Though stocks have historically outperformed bonds, if you're an older investor, or a younger one with a limited tolerance for risk, it pays to dedicate a good chunk of your portfolio to bonds. But not all bonds are the same: While you might associate the term with debt obligations issued by corporations, there are other types of bonds you might consider investing in as well -- namely, municipal bonds.
Municipals bonds are issued by cities, states, or localities to raise money for public projects or to provide funding for public services. Corporate bonds, on the other hand, are issued by companies to raise money for things like research, marketing, and expansion. Both types of bond work the same way: You invest a principal sum, collect interest income semiannually, and get your principal investment back once your bonds come due. There's just one key difference: Whereas the interest on corporate bonds is subject to taxes, municipal bond interest is always exempt at the federal level. And, if you buy bonds issued by your home state, you'll avoid state and local taxes, too.
So should you invest in municipal bonds? Here are a few questions to help you decide.
1. Do I need to lower my taxes?
Taxes are a huge problem for working Americans and retirees alike. If you're desperate for tax-friendly investments, then it really doesn't get much better than municipal bonds, because the interest they pay is always exempt from federal taxes. Furthermore, bonds issued by your home state are triple tax-exempt -- you'll avoid state and local taxes as well.
That said, corporate bonds tend to offer higher interest rates than municipal bonds, so if you're torn between two bonds (one from each category) that are comparably rated, it pays to figure out your tax equivalent yield, which is the pre-tax yield that a corporate bond must pay to equal the yield of a tax-free municipal bond. Keep in mind, however, that collecting enough taxable bond interest might push you into a higher tax bracket overall, so even if you're looking at equivalent yields, it might still pay to go with municipal bonds.
2. Am I terrified of risk?
There's no such thing as a risk-free investment, but bonds come pretty close to it. And within the world of bonds, municipal bonds are especially suitable for the risk-averse. That's because municipal bond issuers are 50 to 100 times less likely to default on their payments than corporate issuers with similar ratings. Not only that, but municipal bonds have a stronger historic recovery rate than corporate bonds. A recovery rate refers to the extent to which bondholders are made whole after a default, and in this regard, municipal bonds are the clear winner.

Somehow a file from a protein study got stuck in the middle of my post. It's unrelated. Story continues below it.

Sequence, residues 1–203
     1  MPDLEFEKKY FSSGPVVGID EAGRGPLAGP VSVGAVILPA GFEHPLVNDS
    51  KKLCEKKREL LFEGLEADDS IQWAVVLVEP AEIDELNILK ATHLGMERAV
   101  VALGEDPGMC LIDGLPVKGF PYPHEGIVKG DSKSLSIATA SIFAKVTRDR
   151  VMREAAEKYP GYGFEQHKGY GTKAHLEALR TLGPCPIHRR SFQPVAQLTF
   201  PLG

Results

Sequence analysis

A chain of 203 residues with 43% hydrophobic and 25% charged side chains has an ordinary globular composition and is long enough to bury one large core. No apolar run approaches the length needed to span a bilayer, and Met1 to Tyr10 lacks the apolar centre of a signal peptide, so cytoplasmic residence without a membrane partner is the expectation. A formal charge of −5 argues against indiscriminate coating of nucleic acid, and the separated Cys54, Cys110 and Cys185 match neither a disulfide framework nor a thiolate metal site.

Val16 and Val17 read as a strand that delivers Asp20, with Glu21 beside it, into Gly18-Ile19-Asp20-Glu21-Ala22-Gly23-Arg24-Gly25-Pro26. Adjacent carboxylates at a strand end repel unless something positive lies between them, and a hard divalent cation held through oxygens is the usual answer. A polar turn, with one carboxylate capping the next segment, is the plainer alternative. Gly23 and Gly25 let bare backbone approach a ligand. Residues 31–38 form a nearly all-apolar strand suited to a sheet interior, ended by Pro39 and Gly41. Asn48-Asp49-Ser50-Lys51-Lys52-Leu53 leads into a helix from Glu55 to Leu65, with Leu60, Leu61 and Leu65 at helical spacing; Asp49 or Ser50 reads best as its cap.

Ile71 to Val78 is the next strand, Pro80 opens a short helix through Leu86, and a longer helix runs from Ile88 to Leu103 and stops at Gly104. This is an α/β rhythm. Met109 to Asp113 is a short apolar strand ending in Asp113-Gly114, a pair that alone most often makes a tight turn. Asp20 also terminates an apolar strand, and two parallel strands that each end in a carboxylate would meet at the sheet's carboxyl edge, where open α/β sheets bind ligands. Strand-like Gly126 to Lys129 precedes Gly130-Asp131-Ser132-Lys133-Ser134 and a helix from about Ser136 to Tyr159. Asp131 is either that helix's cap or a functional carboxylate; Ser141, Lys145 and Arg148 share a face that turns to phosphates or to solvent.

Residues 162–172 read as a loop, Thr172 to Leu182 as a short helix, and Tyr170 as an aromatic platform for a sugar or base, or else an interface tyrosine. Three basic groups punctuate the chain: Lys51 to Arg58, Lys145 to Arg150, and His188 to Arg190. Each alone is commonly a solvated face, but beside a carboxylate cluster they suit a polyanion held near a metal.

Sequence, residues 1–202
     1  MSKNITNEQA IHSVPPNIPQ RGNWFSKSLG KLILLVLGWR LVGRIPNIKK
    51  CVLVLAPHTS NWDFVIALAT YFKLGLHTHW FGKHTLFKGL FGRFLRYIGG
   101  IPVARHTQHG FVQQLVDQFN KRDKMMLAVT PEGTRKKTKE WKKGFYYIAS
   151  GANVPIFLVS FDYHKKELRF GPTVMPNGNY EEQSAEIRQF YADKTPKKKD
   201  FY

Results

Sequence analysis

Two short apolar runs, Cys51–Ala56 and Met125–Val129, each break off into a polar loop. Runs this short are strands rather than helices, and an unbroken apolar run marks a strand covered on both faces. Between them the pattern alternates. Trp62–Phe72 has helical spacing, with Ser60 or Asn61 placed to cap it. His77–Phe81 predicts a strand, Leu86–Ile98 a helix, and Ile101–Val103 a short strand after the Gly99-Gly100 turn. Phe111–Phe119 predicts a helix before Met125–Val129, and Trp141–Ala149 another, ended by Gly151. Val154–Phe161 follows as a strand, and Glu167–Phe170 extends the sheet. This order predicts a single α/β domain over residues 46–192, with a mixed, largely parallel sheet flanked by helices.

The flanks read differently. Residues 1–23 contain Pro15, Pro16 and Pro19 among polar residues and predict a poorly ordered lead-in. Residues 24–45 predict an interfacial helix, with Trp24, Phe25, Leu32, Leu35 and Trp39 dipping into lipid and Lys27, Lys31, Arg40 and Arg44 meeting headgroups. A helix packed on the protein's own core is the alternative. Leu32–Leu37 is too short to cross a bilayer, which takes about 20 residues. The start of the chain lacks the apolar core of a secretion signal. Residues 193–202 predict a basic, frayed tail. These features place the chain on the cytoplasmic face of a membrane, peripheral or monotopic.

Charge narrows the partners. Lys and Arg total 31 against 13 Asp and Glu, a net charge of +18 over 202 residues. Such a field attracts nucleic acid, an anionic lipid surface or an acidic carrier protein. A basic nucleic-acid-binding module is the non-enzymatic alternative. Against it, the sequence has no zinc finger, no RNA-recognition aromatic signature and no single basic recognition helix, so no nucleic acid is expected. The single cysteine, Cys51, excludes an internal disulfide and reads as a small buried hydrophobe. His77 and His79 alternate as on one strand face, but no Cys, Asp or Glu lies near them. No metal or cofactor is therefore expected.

Again, generally speaking, bonds are a pretty low-risk investment, especially compared to stocks. But if the idea of losing money keeps you up at night, municipal bonds are probably the way to go.
3. Do I want to invest in something meaningful?
Maybe there's a company out there whose product you swear by. But in most cases, when you buy corporate bonds, what you're really doing is fueling a large company's profits and collecting a little interest on the side.
Municipal bonds, on the other hand, offer a real opportunity to invest in projects that help build and sustain communities. When you buy municipal bonds, that money might be used to revamp a park, modernize a school, or repair a local highway -- things that contribute to a better quality of life for those impacted. Therefore, if you care about what your money is being used for, you might feel better about municipal bonds over corporate ones.
As is the case with all investments, there's an upside and a downside to putting money into municipal bonds. Clearly, you'll benefit in terms of tax savings, security, and the knowledge that your money is doing something good. On the other hand, you'll have a harder time growing your wealth with municipal bonds than with stocks, so if you're younger and want to make the most of your investment dollars, you may want to look elsewhere.
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